If you owe substantial debts but believe you may be able to pay off your creditors in the next three to five years, filing for Chapter 13 bankruptcy may be your best option. Under a Chapter 13 bankruptcy, the debtor creates a repayment plan that involves making payments from future income to pay off debts. Certain situations exist in which a Chapter 13 bankruptcy is particularly useful, including situations in which you are behind on a loan. In short, filing for a Chapter 13 bankruptcy may allow you to stay in your home or keep your motor vehicle even if you are desperately behind on your payments.
The law firm of Caroline Secor has been assisting residents of Palm Harbor for years with bankruptcy proceedings. Don’t hesitate to contact an experienced Florida bankruptcy lawyer at our firm to discuss your situation.
Filing for a Chapter 13 Bankruptcy
While both types of bankruptcy proceedings may be beneficial for debtors, a Chapter 13 bankruptcy is much different from a Chapter 7 bankruptcy. The key difference is that a Chapter 13 bankruptcy permits the debtor to cover his or her existing debts with future income, and there’s no liquidation.
If assets aren’t completely liquidated as with a Chapter 7 bankruptcy, what happens when a consumer files for a Chapter 13 bankruptcy? Typically, the debtor will take a number of steps to repay a percentage of his or her debts owed over the course of a repayment period. These steps usually involve the following:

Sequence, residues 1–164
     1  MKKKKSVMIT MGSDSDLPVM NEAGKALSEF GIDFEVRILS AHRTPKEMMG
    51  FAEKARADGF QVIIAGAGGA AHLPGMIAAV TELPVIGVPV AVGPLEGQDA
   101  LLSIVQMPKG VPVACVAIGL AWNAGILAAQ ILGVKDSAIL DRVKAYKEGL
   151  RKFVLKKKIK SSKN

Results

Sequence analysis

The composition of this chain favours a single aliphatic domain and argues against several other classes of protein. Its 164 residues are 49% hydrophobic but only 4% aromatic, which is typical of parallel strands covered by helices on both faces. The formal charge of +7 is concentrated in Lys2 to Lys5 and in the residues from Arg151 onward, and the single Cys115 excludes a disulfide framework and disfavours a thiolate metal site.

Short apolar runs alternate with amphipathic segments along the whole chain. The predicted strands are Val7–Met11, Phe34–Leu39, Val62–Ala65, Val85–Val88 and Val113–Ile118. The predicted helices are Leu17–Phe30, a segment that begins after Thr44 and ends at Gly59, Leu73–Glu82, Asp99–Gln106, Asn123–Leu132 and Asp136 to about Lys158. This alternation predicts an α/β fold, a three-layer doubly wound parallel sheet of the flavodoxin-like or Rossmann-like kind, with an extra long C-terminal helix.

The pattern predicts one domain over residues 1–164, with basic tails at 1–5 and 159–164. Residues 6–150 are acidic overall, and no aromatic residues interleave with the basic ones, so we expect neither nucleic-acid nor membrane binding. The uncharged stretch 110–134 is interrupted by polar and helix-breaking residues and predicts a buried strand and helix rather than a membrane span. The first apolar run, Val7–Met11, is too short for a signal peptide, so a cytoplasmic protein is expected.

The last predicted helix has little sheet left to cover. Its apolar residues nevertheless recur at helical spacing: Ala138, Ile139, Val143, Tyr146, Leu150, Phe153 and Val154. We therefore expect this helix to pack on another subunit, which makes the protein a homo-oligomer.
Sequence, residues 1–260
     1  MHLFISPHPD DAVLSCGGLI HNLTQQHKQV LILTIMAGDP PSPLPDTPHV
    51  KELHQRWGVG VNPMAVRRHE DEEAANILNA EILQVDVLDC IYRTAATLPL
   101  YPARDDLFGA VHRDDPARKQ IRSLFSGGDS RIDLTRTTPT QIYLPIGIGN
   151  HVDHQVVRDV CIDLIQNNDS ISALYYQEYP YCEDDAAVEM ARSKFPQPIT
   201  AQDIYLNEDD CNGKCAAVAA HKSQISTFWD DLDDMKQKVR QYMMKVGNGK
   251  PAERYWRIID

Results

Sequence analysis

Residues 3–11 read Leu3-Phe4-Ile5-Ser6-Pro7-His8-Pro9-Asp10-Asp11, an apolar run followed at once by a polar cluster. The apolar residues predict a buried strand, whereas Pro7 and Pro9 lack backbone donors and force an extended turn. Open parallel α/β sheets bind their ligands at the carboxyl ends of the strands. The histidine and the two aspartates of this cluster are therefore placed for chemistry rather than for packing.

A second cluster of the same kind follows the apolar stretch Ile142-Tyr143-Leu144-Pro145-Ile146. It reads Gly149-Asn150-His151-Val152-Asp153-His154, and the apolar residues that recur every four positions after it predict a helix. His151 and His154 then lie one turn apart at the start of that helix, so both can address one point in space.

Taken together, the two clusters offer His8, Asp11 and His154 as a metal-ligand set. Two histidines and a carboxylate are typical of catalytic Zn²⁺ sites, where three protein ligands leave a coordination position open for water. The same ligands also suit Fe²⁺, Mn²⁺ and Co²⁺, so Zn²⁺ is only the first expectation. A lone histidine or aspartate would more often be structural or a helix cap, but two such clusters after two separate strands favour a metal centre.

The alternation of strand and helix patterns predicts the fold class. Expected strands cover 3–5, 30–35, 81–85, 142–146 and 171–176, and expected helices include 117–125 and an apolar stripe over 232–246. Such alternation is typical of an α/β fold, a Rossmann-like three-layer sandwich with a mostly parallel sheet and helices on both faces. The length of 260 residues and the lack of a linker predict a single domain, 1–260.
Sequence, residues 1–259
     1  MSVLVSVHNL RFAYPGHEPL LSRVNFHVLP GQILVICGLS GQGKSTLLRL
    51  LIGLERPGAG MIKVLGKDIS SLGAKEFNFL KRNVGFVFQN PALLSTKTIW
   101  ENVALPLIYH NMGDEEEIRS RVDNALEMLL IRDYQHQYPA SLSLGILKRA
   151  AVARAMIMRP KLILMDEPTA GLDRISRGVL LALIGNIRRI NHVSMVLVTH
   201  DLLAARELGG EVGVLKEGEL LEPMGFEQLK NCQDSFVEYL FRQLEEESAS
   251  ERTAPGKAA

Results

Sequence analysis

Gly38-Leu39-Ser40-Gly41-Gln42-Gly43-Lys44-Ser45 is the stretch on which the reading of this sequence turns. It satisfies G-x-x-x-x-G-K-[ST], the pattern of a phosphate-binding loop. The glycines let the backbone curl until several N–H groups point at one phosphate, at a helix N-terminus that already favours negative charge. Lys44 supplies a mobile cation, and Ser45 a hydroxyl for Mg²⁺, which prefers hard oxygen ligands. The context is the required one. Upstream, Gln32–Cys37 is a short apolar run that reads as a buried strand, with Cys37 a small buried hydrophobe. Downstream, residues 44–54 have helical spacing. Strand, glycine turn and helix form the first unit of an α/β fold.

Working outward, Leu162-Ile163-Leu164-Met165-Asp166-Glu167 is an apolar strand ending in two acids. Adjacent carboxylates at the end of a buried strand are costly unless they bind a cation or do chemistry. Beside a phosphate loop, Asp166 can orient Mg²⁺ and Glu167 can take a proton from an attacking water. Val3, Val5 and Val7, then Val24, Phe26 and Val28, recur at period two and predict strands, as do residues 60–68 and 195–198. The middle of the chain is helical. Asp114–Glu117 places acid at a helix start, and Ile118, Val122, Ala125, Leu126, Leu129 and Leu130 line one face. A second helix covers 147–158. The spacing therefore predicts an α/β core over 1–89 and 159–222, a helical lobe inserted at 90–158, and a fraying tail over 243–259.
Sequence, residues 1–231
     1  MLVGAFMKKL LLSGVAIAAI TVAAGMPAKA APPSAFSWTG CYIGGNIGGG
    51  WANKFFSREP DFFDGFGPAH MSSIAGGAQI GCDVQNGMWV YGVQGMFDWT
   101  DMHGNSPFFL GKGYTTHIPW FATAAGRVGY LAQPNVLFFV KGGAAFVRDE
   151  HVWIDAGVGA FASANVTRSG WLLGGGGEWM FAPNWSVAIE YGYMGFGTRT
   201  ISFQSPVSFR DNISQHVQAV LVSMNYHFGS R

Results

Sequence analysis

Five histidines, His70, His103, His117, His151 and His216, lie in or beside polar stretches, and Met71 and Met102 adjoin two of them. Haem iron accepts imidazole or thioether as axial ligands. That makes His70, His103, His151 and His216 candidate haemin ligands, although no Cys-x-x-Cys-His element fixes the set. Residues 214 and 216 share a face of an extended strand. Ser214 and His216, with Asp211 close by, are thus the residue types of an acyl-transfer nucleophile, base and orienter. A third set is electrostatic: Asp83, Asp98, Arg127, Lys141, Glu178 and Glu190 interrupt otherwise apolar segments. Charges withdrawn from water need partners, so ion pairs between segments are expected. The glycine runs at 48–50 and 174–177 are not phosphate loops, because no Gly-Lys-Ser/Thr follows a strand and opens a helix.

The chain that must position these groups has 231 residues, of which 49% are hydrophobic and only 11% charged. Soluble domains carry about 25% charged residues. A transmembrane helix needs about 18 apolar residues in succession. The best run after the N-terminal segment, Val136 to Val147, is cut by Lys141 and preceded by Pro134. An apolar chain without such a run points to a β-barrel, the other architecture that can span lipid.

- Repayment Plan: The debtor will create a repayment plan, which typically falls between three and five years’ time. You will file the repayment plan when you file for bankruptcy, and it will specify how long it will take you to repay your debts and how much you will pay on your debts during the repayment period.
- Sticking to the Repayment Plan: When debtors are able to abide by the terms of their repayment plans, any remaining dischargeable debt will be discharged.
Unlike with a Chapter 7 bankruptcy, you will need to be able to prove that you have a regular source of income with enough disposable income that you will be able to meet the terms of your repayment plan. The Florida means test will determine how much debt will be repaid at the end of the period.
Benefits of a Chapter 13 Bankruptcy
There are many advantages of a Chapter 13 bankruptcy. In general, Florida residents with assets that they want to keep, like a motor vehicle or a home, may want to consider a Chapter 13 bankruptcy. In addition, if you have property that’s non-exempt in Florida, a Chapter 13 bankruptcy also may allow you to keep your property when a Chapter 7 bankruptcy won’t.
This type of bankruptcy can also be a very useful tool for reorganizing debts, and it can help debtors who are behind on payments. For example, a Chapter 13 bankruptcy can do some of the following for you:
- Prevent a foreclosure on a house when you are behind on mortgage payments
- Prevent interest from accruing on certain debt
- Help you to catch up on missed mortgage payments
- Help you to catch up on missed automobile payments
- Help you to catch up on back taxes you owe
- Allow you to renegotiate some of the terms of your debts
- Allow you to retain certain property that is non-exempt
The federal government passed new bankruptcy reform legislation in October 2005. However, don’t be discouraged! Most studies indicate that the new law affects less than 15% of individuals who could have filed previously. If you are feeling overwhelmed by your debts and considering filing bankruptcy, it is highly probable that you fall into the category of the 85 percent of people who are still eligible to file.